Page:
7. Whitfield Lovell Rise of the Delta, 2013 (Conte on wood, silver plated platters, penny, wrought iron scone ) – Lovell was commissioned by Birmingham art collectors Norm and Carnetta Davis to create this piece from of photograph of Carnetta Davis’ mother. I love the halo of silver and pewter serving plates placed around Davis’ mother.  They symbolize her mothers’ love of hosting guests in her home, while the pewter piece at her feet is reference to ‘Birth of Venus’.
  8. Kerry James Marshall As Seen on TV, 2002 (Enamel on plastic vase, plastic flowers, framed video still, wood and glass shelf with steel bracket and chain)
  9. Glenn Ligon Runaways, 1993 (Lithographs) – This series of prints are inspired by advertisements for runaways slaves from the early 1800s.  Ligon makes use of the advertisements bearing physical descriptions and personal details, wording that humanized people perceived as property, standing in opposition to the advertisements obvious lack of humanity 10-must-see-pieces-at-third-space-birmingham-museum-of-art
  10. Esterio Segura La historia se muedre la cola (History Bites its Tall), 2013 (Painted fiberglass) – Using a bound Pinocchio as a metaphor for the history of lies told us by our governments was brilliant.  Even more stinging when you think how apropos it is when applied to the lies we tell ourselves.

Another Year, Another Armory Week In The Books

Another year, another Armory Week in the books. I missed last year and was heartbroken, so I was really looking forward to all the greatness I was going to see. And then it happened, The Armory Show disappointed me. How was that possible? So maybe disappointment is the wrong emotion to convey, perhaps underwhelmed is better. I had been looking forward to this for months, weeks and days and with its one less row and sparsity of art I was underwhelmed. Thankfully, Art on Paper, Volta and Scope all pulled up the rear and made my overall experience great!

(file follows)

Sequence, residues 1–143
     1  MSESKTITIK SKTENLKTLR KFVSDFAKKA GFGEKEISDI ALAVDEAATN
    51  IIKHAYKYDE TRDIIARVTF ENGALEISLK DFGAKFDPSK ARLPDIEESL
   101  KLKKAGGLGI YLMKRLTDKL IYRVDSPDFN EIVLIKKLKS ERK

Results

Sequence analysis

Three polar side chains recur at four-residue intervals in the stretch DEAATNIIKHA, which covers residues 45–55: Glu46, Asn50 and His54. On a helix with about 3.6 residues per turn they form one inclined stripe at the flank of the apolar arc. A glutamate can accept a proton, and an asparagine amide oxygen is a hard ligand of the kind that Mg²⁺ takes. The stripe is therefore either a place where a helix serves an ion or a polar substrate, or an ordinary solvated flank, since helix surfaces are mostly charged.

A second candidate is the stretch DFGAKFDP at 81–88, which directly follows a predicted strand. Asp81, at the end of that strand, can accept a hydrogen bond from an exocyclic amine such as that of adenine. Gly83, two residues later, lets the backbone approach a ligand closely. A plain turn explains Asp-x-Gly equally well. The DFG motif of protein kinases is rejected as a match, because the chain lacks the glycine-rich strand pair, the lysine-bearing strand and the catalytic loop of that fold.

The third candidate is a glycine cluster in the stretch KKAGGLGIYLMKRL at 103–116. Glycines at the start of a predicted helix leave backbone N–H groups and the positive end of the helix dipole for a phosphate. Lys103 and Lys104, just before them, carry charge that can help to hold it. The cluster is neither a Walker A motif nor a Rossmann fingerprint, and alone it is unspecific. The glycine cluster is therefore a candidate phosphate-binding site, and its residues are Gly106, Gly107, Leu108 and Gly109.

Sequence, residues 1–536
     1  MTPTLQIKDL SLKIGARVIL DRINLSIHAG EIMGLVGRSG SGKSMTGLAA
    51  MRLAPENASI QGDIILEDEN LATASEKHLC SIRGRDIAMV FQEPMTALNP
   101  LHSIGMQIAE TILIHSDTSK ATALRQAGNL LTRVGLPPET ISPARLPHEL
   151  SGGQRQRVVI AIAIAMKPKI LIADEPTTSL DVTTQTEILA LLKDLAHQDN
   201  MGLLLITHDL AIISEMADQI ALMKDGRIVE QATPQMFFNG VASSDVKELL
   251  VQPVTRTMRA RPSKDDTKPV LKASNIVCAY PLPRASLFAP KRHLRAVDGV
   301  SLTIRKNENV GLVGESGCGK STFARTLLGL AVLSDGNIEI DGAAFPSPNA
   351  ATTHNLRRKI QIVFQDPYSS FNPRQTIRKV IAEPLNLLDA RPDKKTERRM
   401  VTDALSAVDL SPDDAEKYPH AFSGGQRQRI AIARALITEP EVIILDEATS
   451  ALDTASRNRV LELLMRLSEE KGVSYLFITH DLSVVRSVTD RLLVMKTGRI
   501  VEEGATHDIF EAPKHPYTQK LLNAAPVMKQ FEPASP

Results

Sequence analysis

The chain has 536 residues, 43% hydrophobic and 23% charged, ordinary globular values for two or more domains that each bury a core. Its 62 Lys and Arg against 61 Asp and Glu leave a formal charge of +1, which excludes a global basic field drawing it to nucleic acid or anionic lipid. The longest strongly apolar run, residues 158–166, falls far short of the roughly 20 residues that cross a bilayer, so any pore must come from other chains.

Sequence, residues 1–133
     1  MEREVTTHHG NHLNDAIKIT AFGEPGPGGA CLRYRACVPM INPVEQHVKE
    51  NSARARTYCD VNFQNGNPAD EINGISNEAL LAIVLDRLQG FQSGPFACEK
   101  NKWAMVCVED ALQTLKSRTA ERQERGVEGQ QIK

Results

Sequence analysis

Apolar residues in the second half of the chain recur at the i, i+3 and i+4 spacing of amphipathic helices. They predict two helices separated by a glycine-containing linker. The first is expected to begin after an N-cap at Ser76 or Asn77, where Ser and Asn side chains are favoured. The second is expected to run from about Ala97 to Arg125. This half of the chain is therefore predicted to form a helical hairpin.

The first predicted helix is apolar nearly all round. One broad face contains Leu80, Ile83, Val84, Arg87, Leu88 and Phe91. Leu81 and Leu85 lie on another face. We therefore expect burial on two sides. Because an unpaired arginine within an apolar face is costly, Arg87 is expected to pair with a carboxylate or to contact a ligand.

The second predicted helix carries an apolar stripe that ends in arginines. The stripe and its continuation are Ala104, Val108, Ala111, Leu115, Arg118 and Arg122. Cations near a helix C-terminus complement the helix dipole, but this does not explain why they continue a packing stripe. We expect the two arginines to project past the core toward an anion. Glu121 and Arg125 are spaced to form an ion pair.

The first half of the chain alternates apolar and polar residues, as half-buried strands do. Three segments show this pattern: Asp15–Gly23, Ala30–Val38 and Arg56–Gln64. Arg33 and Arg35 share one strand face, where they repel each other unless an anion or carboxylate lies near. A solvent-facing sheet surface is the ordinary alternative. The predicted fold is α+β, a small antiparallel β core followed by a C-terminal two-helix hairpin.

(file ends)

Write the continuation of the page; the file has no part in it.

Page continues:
Here are my Top 10 pieces in no particular order:

I had the pleasure of attending Art on Paper its first night as a VIP, because I roll with some awesome people (Hi, Paradigm Gallery+Studio) and Tatyana Fazlalizadeh’s artistry was the first capture by my trusty iPhone. She is called Olympia and was painted with Oil on canvas just last year.

My next selection found at the Armory Show focused on a common political theme I saw throughout the galleries. Mel Bochner’s “Eradicate” carried a thought I’m sure most considered in these past weeks and months.

I found a great deal of irony in my next piece, “Alternative Titles for Recent Exhibitions I’ve Seen”. Scott Reeder seemed to be picking at my brain in particular.

“Alternative Titles for Recent Exhibitions I’ve Seen”

I love it when I go to a show and the art reminds me of my childhood or just makes me giggle. Perfect example of this is Douglas Coupland’s “Towers”. A huge display of Legos, building structures and towers alike. Instantly I’m back in my younger brother’s room building some structure that architecturally will never work, but will take us hours to create.

The second display that made me giggle was an entire park of sorts by Yayoi Kusama named “Guidepost to the New World”. Who doesn’t like polka dots? You can’t help but smile and laugh when you discover this park in the middle of the Armory Show floor.

Nick Cave, Hustle Coat. Having recently moved to Atlanta makes me long for the strange variety of life displayed constantly in the streets of New York. Nick’s Hustle Coats, one in black the other in tan made me crave that variety of life even more.

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I always find that I look, search even for my favorite artist and when I find them I’m so very excited. With that being said…Kehinde Kehinde Kehinde!! I cannot shout this man’s name enough. Ladies and Gentlemen, the greatness known as Kehinde Wiley. If by chance I get the opportunity to own one of his pieces of work, I would be jealous of myself. They are real, vibrant, elegant and simply magnificent.

And now I find myself at Scope. Honestly I had never been a fan of Scope, but this year before I could fully get within the many gallery walls I was snapping pics and genuinely skipping to the next wall of fine art. On this brutally cold Saturday afternoon, I am warmed by the eyes from this painting by Roberta Coni. The boldness of her stare and the softness of colors welcomed me.

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And just like that I was not only smiling but dancing a bit too from reciting lyrical genius in my head. Mark Drew’s series of four paintings with Peanut characters and hip hop lyrics made me reminisce of simpler times.

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So I know I said that these were my Top 10 picks, but this series of painting genuinely blow my mind. No major complexity, no variety of color, just big black bold strokes of paint swirled around the canvas. I would put one in every room of my home and walk through it like my own personal gallery. James Austin Murray captivated me and believe me for a woman with several zillions of things running through my mind that is quite the feat.

James Austin Murray_Another Year, Another Amory Week In The Books James Austin Murray